Man, what is it about New Year’s? It should be fun, right? A champagne-buzzed chance to blow a kiss at the inexorable march of time. But all too often it’s 12:05 and you’re sitting alone on the George Street steps with mascara streaks on your cheeks and your “Happy 2002” tiara sitting forlornly askew in your hair. Or maybe that’s just me. This year you can save yourself the headache and head down to the Rock House for The Final Countdown—it’s a no-brainer. Ring in the new year with The Wobbly Pops, Cafeteria, and The Texmestics. It’s a night of superluminaries and supergroups. The Wobbly Pops is a musical doz-box consisting of Jud Haynes, Mathias Kom, Mark Bragg, Katie Baggs, and many more. Though the band is usually known for tailoring their sets to suit special events like Halloween shows and fake proms, Wobbly Pop Mathias Kom says this show will be a bit different. “Considering the NYE vibe is usually just party with a capital P, we just get to play the most fun songs ever. No slow jams!”
Doors open at 10pm. Tickets are $20 and are available at Fixed.
The Grimm fairy tales, minus the Disneyfied Hollywood endings, are as real as it gets. I mean, sure Hansel and Gretel features a ravenous cannibal and child murderer, but in the PG versions that’s all slapstickery and cartoonishness. Not so in the Grimm bros’ original. The original versions of the Brothers Grimm’s collection of tales feature all the violence, brutality, and cruel living conditions of life in feudal Europe. This watershed collection, the bestselling book in the German language, turns 200 in December. To mark this bicentennial, local storytelling paragon Dale Jarvis has written a two-hour show, featuring live music by Delf Maria Hohmann. “These stories are full of loss, longing, violence, blood, wicked men and women; they contain the best and the worst of humanity, always alongside themes of hope, and rebirth,” says Jarvis. “But these stories are definitely not for children!”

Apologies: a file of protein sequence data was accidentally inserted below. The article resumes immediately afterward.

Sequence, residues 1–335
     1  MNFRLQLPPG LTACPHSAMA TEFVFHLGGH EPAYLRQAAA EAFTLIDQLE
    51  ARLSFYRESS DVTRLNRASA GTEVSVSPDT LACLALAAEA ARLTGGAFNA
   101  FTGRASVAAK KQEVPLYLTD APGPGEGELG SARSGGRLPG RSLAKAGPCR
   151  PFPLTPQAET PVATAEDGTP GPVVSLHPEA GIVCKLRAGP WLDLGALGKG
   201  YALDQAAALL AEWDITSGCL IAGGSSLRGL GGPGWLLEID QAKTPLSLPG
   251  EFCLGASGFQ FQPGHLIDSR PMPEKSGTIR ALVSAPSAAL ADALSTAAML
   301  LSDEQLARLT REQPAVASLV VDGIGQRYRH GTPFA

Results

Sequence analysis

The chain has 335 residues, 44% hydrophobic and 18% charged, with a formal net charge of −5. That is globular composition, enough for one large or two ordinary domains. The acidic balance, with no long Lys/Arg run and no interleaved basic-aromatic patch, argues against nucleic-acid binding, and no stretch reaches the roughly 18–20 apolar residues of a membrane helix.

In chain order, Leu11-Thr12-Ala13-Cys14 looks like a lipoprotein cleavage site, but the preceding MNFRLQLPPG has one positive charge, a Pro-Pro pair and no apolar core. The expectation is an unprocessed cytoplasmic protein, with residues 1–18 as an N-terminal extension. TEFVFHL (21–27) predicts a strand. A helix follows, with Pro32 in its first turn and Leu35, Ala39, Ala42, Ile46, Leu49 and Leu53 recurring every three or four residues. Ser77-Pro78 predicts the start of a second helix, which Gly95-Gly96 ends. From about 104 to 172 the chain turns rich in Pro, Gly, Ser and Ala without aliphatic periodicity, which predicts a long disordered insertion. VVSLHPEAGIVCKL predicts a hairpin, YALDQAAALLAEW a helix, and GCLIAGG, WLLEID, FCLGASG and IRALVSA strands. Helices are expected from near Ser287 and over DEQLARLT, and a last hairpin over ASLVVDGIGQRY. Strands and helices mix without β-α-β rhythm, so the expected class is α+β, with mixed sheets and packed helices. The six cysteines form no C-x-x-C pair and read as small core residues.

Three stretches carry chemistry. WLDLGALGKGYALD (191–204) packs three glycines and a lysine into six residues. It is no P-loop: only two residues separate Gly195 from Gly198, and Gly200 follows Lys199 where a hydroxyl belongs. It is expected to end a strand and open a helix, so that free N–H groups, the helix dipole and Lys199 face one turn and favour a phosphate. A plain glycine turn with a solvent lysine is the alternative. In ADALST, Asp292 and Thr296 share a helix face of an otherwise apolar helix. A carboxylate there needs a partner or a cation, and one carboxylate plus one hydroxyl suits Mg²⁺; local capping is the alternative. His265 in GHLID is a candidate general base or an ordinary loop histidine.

The Brothers Grimm: 200 Years and Counting runs at Petro-Canada Hall at 8pm. Tickets are $20 at the door.
Because St. John’s is pretty much an unreachable speck on the edge of a monolithic landmass, the reasons to start a cover band here are many. Sometimes it’s to give drinkers at the divebar a familiar soundtrack for getting their drink on. Sometimes it’s to tide fans over until their favourite act makes the long journey to our shores. And sometimes, it’s because the band is never coming, ever. This is the case for Pantera, whose guitarist Dimebag Darryl was sent to the great grow-op in the sky when he was shot and killed onstage by a deranged fan in 2004. Regular People is a Pantera tribute band composed of the cream of the local metal scene. They’re playing with Dirty Dollar Bills for Leaves, a tribute to Alice in Chains, and The Cartridge Family.
They’ve got you covered at the Rock House. And cover is $8.
It’s a lucky few nations that can boast a national man-o’-letters of Robert Burns’ stature. The Bard of Ayrshire’s contributions to literature echoed through the rolling highlands of his native Scotland and out into the universe. Even you know a few words from a Burns poem if you know a few words from “Auld Land Syne”. Burns’ cheeky, touching poetry brought the Scots dialect to the popular imagination and his sympathy for the common folk struck a chord with successive generations of readers the world over. Today, Burns Clubs celebrate his birth with a Burns Supper. Burns Suppers feature recitations, toasts, and of course, the “great chieftain o’ the puddin’ race”, haggis. The St. Andrew’s Society of NL is hosting the 176th-annual (!) Burns Supper to be held in the city, featuring pipe music and highland dancing, Scottish eats, celebrity guests, and more.
Tickets are $50 and it’s being held at the Royal Canadian Legion in Pleasantville at 7pm. Call 579-6114 to reserve.
MUN is hosting its fourth-annual SPARKS Literary Festival, a bright point in the darkest, coldest month we got. The festival features presentations from up-and-coming writers and well-established provincial literary icons. On the docket this year are Grant Loveys, Gerard Collins, Ramona Dearing, Randall Maggs, Don McKay, Wayne Johnston, Eva Crocker, Andy Jones, and numerous others. Details on that are available on the MUN website. The fest begins with a symposium on contemporary NL poetry on January 19th, then the main reading events take place on January 20 at Petro-Canada Hall. Admission is free.